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The Project Halfpipe – Love Your Work, Episode 291

November 03 2022 – 07:30am

 Project HalfpipeA creative project is like a halfpipe. The depth of the halfpipe from which you must ascend to finish a project is equal to the height of the optimism that prompted you to begin. But there’s a way to build your project halfpipe so the project itself keeps you moving forward.

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The gravity of optimism pulls you into a project

When you begin a project, you are optimistic. Why else would you start? You’re interested in the subject matter, and you expect to succeed. This optimism serves as the gravity that pulls you into the project halfpipe.

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Without experience, you can’t maintain the momentum to finish

The momentum you build from this drop into the halfpipe may get you through much of the project, but will eventually run out. By the time you get to the other side of the halfpipe – the end of the project – you’ve forgotten the optimism you once had, and the friction of reality has sapped your energy. The project isn’t as fun as it once was, and it hasn’t been as easy as you had expected. You face a steep incline, and don’t have the momentum to ascend.

Experienced skateboarders know how to tweak their momentum, so they have enough energy to ascend the other side of a halfpipe. Like kicking their legs while riding a swing, they’re able to climb higher and higher, as they go back and forth.

Experienced creators know how to tweak their motivation, too, to ascend the other side of the halfpipe. They’ve finished enough projects, they know how to harness their momentum to make the most of their efforts, and coast through the tough parts. But the need for this experience is a catch-22: You don’t know how to tweak your motivation to follow through if you haven’t finished projects, and if you haven’t finished projects you don’t know how to tweak your motivation.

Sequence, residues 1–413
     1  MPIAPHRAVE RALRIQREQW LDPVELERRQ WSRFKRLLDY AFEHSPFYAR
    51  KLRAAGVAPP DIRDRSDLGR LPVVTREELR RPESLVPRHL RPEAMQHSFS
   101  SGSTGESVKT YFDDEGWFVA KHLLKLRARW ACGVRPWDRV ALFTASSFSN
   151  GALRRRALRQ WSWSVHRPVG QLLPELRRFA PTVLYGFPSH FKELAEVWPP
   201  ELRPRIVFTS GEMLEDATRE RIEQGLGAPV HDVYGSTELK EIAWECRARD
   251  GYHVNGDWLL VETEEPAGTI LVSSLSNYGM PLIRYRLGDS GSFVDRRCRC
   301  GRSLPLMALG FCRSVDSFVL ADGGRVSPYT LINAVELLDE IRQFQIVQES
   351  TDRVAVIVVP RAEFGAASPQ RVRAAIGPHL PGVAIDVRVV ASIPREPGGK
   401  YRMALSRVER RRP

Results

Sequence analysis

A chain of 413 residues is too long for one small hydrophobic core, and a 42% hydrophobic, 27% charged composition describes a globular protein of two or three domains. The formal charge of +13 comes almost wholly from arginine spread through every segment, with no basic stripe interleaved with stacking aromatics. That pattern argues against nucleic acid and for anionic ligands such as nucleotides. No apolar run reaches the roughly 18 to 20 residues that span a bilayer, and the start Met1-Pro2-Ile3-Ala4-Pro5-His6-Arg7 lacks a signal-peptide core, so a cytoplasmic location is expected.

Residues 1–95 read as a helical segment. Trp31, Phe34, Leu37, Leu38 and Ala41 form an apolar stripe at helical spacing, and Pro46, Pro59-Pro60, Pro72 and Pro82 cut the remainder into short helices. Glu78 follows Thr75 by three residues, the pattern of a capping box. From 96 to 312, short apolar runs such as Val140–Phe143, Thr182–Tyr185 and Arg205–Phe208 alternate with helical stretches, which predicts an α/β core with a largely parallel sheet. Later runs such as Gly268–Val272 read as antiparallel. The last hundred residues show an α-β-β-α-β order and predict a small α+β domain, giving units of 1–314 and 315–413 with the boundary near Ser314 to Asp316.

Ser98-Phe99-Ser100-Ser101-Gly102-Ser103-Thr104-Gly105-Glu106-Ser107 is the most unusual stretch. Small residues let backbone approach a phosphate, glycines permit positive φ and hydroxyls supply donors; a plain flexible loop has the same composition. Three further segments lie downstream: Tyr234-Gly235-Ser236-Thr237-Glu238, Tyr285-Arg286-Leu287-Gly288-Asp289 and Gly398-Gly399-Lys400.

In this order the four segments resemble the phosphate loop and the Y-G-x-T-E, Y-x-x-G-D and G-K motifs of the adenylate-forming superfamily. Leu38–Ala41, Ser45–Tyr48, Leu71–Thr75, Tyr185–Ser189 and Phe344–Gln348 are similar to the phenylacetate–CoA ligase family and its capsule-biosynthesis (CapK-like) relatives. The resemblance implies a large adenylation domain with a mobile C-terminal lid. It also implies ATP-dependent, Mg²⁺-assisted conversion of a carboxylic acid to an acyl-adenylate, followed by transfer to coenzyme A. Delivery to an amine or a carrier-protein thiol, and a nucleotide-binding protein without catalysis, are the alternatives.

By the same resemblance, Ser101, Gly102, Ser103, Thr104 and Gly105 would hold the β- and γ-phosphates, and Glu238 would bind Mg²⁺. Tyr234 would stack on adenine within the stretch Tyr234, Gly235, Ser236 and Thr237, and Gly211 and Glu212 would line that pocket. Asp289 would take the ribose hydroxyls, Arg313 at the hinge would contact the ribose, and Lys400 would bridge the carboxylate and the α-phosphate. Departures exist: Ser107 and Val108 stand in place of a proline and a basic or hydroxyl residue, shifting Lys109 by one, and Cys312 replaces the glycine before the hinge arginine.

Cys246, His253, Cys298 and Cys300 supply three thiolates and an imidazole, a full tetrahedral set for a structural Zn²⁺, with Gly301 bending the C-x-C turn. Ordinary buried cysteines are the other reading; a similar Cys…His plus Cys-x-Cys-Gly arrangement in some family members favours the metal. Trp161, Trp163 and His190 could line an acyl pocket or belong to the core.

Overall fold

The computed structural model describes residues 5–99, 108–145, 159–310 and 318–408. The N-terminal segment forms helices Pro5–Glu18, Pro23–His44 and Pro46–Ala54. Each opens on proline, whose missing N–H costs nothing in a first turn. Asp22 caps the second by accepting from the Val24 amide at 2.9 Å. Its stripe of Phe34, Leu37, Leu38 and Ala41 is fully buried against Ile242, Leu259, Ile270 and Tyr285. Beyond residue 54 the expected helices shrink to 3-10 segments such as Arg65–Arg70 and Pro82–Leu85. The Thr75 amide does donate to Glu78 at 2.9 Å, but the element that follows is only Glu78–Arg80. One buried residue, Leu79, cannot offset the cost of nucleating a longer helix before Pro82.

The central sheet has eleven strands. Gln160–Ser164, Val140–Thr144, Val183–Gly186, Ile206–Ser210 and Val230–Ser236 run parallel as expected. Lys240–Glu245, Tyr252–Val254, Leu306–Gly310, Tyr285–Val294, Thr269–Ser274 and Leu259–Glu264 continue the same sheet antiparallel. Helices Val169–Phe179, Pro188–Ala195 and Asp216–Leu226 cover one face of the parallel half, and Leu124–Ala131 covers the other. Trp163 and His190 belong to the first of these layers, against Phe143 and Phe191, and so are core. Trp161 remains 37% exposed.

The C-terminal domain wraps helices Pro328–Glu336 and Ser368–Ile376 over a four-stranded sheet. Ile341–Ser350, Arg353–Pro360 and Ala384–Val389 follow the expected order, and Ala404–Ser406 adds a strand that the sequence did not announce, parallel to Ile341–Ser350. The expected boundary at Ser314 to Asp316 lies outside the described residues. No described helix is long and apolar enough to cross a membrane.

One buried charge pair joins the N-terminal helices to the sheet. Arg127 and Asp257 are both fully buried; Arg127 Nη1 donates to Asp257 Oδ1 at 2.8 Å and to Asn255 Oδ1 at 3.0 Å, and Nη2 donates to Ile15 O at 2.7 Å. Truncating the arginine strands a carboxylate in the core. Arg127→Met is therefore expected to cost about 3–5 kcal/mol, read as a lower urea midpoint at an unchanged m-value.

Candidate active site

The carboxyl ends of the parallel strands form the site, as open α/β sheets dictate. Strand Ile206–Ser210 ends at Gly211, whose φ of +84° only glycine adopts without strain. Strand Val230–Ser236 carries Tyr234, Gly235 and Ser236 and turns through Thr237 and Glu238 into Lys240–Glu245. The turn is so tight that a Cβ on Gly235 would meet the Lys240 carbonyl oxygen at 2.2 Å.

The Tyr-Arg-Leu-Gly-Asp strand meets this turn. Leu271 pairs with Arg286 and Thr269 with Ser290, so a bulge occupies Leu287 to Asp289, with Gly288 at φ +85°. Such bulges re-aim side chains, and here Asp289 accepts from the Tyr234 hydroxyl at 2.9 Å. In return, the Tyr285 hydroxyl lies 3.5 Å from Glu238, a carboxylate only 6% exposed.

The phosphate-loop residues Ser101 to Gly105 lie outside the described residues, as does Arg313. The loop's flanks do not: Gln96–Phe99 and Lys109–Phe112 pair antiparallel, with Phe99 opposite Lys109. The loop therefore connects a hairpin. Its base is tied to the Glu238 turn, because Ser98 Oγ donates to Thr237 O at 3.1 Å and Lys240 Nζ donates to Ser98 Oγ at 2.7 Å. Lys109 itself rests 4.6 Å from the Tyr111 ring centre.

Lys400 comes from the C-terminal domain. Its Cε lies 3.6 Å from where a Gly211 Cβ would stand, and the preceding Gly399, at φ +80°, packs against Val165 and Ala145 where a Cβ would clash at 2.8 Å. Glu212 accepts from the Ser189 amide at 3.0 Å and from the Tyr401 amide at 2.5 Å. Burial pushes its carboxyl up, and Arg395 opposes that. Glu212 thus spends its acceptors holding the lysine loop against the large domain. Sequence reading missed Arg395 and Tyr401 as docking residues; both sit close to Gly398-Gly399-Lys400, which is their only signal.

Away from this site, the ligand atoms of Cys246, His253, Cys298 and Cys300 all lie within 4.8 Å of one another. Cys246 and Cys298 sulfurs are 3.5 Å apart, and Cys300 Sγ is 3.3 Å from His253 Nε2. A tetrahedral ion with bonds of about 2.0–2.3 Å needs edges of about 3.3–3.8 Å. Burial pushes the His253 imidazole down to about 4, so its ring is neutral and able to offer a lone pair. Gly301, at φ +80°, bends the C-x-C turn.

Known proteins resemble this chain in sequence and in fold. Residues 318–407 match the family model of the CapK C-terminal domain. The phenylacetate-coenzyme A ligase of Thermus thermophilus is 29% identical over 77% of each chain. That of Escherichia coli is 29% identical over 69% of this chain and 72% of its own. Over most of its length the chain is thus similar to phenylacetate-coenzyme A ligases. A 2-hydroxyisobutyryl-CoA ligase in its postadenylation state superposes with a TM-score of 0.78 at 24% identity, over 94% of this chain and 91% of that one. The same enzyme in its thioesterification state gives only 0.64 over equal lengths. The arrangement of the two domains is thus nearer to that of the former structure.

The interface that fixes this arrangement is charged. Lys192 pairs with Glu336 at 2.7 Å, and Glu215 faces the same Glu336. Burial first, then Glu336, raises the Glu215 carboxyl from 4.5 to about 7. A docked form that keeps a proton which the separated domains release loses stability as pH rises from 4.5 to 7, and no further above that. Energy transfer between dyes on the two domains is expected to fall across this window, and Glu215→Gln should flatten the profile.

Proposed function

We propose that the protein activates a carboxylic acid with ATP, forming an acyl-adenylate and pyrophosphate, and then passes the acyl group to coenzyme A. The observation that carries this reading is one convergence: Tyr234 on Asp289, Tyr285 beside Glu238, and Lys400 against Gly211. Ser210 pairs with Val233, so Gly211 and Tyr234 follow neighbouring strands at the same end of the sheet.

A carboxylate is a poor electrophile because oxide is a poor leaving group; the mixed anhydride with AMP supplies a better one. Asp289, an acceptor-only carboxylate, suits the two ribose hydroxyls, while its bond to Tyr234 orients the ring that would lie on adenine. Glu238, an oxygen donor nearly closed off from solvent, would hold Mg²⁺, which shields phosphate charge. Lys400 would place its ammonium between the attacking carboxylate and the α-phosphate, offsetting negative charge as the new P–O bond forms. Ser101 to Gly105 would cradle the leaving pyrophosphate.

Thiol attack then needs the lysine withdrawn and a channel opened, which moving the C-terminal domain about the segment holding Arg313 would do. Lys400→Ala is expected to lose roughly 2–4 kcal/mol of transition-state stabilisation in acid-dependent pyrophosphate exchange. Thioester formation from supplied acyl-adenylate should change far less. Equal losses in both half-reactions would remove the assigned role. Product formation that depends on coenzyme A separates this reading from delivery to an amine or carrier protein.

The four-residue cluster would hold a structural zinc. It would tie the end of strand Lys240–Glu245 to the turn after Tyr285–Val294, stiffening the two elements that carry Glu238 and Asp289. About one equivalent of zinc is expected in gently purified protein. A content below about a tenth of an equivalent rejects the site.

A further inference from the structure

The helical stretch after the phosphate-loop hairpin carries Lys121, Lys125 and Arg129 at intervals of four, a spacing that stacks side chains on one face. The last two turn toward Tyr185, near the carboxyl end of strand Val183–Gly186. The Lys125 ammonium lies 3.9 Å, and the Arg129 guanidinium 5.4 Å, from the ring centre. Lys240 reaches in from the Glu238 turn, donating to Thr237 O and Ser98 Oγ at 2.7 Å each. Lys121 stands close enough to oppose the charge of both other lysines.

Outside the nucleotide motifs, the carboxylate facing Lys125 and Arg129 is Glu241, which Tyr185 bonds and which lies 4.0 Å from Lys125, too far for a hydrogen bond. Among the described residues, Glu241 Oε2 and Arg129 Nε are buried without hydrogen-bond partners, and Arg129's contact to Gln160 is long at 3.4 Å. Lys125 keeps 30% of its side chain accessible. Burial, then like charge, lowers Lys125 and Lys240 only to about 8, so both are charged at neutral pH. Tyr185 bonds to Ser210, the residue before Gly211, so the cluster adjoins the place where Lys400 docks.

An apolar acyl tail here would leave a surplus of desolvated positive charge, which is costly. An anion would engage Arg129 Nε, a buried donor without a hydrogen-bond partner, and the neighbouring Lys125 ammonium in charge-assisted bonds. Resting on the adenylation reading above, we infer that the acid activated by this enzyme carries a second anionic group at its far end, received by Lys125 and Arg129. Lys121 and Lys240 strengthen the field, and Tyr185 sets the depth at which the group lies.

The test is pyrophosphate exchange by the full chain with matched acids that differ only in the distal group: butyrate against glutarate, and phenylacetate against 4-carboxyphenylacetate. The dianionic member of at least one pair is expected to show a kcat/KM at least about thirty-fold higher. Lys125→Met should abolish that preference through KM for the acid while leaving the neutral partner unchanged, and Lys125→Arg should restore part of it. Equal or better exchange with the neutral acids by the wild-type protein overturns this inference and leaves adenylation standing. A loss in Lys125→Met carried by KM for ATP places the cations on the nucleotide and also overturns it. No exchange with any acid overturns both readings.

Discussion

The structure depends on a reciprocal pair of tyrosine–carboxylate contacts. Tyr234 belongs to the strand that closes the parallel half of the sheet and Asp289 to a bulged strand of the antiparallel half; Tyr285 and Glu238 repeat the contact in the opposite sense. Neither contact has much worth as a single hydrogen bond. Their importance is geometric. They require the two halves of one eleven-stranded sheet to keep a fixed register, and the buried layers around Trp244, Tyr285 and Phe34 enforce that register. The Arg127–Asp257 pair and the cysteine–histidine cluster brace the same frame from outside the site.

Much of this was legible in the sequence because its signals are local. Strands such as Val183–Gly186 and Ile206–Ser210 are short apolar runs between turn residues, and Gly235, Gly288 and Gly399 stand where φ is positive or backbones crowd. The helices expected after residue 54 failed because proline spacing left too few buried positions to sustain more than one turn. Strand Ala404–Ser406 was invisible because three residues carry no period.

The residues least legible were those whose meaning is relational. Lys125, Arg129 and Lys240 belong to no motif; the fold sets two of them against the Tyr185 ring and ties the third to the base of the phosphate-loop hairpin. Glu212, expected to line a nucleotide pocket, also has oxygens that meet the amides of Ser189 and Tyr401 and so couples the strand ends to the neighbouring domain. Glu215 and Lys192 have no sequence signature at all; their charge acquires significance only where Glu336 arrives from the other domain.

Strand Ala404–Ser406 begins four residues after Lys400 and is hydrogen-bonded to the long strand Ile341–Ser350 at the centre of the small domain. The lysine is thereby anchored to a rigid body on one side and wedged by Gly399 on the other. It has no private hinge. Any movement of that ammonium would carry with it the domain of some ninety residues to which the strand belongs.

A halfpipe is a closed system

A halfpipe, with nothing but a skateboard rolling back and forth, is a closed system. The first law of thermodynamics states that energy can neither be created nor destroyed. The energy from the descent into the halfpipe is not enough to get to the other side of the halfpipe, because much of it is wasted on friction.

When you put a person on the skateboard, that adds a new energy source to the system. The skateboarder can move their body in ways that overcome the loss of energy from friction, thus maintaining enough momentum to get out of the halfpipe. But the skateboarder is a closed system, too. They require energy to move.

Shiny object syndrome sets in when projects get tough

Shiny object syndrome often sets in toward the end of a project. There are other halfpipes all around. The excitement of dropping into one and once again experiencing effortless momentum is a lot more fun than putting forth effort to get out of the current halfpipe. So, you switch projects – you switch halfpipes.

Some creators, after dropping into enough halfpipes, figure out how to tweak their motivation to get through one – whether due to luck or experimentation. More often, they get frustrated with the endless cycle of shiny object syndrome, and burn out. They stop “skating” altogether.

You learn to maintain momentum by finishing projects

But, you can turn the closed system of a halfpipe into an open system that maintains your momentum, propelling you to the finish. If you use this method to finish more projects, you’ll gain experience tweaking your motivation. Maybe you need an accountability partner – or maybe you hate obligation. Maybe you gain momentum by building prototypes – or maybe you prefer to develop a detailed plan. Maybe you like to talk about ideas with friends – or maybe you discover it causes you to lose your momentum.